The Future of Hawaiʻi County (Big Island) – Draft General Plan 2045
Remember 2019? Before the world changed? Before the Covid-19 pandemic, before the August 2023 wildfires? Back in September 2019, I wrote a blog post entitled Hawaii County General Plan – Shaping the Big Islandʻs Future. It probably goes without saying that the draft of the General Plan I reported on four years was scrapped. A new, revised draft General Plan was just released to the public last week for community input and review. The Draft General Plan 2045 has a different planning framework, reflects lessons learned in recent years, and still has many of the same goals and proposals.
As I said in the 2019, post: Why should you care? If you live on the island, own property on the Big Island, or are considering owning here, some aspect of the planning process will touch your life…even if itʻs just the worsening traffic and the cost of electricity! Many of the topics of my blog posts, from Short Term Vacation Rentals to the Building Permit Process and even whether you can build a retreat center, are covered in the County Code and General Plan.
General Plan 2045: Focus on Resilience, Sustainability and ʻAina Stewardship
Here is a link to read (and comment on) the draft Hawaiʻi County General Plan 2045.
And here is what to expect.
In the previous plan, the organizational framework was: natural resource planning; infrastructure planning; land use planning; economic opportunity planning; and the awkwardly named “community placemaking planning,” The new General Plan seems to be more focused on outcomes instead of planning.
It begins with an entire section devoted to Climate Change — the goal of which is stated as “We ensure a just transition to a climate resilient island by addressing the causes and impacts of climate change through incorporating equitable climate mitigation and adaptation priorities into policies, programs, infrastructure, and decision-making.” The rest of the General Plan is organized around thirteen specific goals under four general headings:
- Healthy, Safe and Resilient Community
- Sustainable and Responsible Development
- Thriving, Diverse and Regenerative Economy
- Collaborative Cultural and Environmental Stewardship
- Efficient, Equitable, and Integrated Government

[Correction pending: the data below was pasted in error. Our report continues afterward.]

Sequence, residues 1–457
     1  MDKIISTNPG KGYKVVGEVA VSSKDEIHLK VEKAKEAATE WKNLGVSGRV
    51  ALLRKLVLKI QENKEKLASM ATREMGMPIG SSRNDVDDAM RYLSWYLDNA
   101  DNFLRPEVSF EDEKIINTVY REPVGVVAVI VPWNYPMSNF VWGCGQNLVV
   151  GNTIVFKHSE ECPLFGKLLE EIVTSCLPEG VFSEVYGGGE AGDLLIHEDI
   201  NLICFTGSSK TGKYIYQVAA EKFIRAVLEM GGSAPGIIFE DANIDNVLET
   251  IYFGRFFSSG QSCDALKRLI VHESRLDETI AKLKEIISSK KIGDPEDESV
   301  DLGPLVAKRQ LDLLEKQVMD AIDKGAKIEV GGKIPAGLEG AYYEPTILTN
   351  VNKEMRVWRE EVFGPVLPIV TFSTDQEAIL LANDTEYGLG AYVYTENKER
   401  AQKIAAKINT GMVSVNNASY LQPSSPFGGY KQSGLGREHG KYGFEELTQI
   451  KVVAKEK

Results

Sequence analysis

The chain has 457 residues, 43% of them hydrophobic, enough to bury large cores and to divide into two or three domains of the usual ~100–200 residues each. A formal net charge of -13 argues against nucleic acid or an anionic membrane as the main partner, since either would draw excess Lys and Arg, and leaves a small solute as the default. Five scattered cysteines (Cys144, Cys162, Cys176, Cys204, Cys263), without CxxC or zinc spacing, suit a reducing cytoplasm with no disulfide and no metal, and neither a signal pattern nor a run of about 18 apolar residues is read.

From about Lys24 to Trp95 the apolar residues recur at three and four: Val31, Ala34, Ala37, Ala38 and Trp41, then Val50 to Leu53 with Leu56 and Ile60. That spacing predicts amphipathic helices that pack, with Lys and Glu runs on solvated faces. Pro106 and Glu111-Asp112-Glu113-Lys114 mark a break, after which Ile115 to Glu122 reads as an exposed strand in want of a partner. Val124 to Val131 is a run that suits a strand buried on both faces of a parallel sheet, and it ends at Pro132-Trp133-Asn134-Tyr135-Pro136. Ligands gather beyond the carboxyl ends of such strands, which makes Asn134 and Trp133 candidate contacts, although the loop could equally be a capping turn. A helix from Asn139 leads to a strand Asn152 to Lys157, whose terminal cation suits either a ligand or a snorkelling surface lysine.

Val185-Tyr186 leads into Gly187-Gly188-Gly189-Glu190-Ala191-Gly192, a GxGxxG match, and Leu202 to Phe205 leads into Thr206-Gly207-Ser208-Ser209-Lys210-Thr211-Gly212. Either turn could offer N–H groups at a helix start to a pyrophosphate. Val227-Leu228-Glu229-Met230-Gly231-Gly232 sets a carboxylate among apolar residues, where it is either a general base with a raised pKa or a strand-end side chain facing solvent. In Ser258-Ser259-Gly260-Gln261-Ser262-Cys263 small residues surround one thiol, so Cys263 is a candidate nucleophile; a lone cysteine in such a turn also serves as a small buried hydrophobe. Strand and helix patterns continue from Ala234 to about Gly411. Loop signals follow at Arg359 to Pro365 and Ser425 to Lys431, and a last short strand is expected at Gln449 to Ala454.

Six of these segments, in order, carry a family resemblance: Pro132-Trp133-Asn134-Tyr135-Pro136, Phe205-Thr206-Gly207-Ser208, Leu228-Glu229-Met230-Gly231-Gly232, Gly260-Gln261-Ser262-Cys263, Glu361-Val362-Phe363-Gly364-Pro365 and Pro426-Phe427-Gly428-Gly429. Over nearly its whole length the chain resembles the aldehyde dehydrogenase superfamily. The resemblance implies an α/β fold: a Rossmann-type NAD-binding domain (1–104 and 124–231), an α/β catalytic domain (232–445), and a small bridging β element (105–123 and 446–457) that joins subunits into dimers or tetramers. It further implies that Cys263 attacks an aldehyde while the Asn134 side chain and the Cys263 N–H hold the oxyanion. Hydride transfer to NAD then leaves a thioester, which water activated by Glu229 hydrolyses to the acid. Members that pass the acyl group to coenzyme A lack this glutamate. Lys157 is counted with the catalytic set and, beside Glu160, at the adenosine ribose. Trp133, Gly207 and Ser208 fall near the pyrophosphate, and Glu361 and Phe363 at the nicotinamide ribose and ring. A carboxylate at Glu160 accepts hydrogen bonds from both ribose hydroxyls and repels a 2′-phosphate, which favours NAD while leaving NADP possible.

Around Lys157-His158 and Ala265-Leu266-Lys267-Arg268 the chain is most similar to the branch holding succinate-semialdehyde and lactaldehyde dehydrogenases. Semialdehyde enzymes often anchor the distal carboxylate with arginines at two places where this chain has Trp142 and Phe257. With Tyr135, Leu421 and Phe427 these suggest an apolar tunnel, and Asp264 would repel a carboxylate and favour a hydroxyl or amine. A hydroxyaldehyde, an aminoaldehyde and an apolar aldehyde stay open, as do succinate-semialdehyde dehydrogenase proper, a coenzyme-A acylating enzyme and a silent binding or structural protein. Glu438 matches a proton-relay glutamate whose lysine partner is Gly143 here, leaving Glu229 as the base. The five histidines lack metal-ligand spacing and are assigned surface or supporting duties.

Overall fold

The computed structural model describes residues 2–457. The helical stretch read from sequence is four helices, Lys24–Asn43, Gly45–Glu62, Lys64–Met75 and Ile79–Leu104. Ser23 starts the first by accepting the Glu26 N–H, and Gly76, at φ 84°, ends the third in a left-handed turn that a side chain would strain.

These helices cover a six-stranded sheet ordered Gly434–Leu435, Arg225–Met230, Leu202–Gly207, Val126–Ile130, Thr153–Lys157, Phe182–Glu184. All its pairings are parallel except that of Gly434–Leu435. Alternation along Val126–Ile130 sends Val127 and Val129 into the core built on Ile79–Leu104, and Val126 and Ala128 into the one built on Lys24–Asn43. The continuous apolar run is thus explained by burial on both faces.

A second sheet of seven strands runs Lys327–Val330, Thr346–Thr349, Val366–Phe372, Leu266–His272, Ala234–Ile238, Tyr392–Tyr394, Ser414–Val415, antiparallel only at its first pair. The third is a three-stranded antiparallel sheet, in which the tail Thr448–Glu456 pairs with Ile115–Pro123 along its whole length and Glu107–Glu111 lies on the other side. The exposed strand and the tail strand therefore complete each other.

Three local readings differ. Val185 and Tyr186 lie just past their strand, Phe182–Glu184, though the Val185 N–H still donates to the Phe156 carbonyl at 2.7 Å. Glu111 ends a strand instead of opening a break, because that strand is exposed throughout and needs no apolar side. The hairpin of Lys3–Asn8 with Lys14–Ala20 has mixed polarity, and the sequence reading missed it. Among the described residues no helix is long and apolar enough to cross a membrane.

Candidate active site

Of course the Big Island biocultural stewardship goals are important foundations for my work as Hawaiʻi Lifeʻs Director of Conservation and Legacy Lands. I was pleased to see that one of the specifically named sections to be incorporated into future district Community Development Plans (see the chart above) is properties for nomination to the County Public Access, Open Space and Natural Resources Preservation Program (PONC).
Language from the ʻĀina Aloha Economic Futures initiative has made its way into Hawaiʻi County planning process, with a lot more focus on topics like resilience for our communities, regenerative economic development including in the hospitality sector, community-led resource management and stewardship, and equitable outcomes in policy implementation.
When we wrote our North Kohala Community Development Plan enacted in 2008, hundreds of community generated ideas for protecting culture and history, education, and health and wellness were absent from the CDP because there was not a corresponding section in the General Plan. The draft General Plan 2045 address all of these issues of importance to our communities.
Opportunities to Learn More and Comment on the Hawaiʻi County General Plan 2045
The County has made it super easy for residents to comment on the draft General Plan right down to the paragraph or phrase. Any resident can do so by going to the website, and again that link is here.
In addition there are public information sessions coming up starting this weekend:
- September 30, 2023, at the West Hawaiʻi Civic Center, Building A from 2-4 pm
- October 7, 2023, at Auntie Sally’s Lūʻau Hale from 1:30-3:30 pm
Whether you are a current resident, an intended resident, or just curious about planning issues for the Big Island, you can register to receive updates from the County Planning Department (not only about the General Plan) through this link.
There is a lot more in the 212 pages of the draft that has specific implications for commonly asked Big Island real estate questions — zoning changes, transient accommodation rentals, cesspool conversion options to name a few. Rather than list all of them here, I will try to point to the General Plan wherever appropriate in as I write about individual topics. While there is no crystal ball to predict future zoning and ordinance changes, this General Plan will set the tone for the next two decades. That makes it worth at least skimming to get a feel for how the Big Island government and communities intends to navigate to the future while preserving what makes this place so special.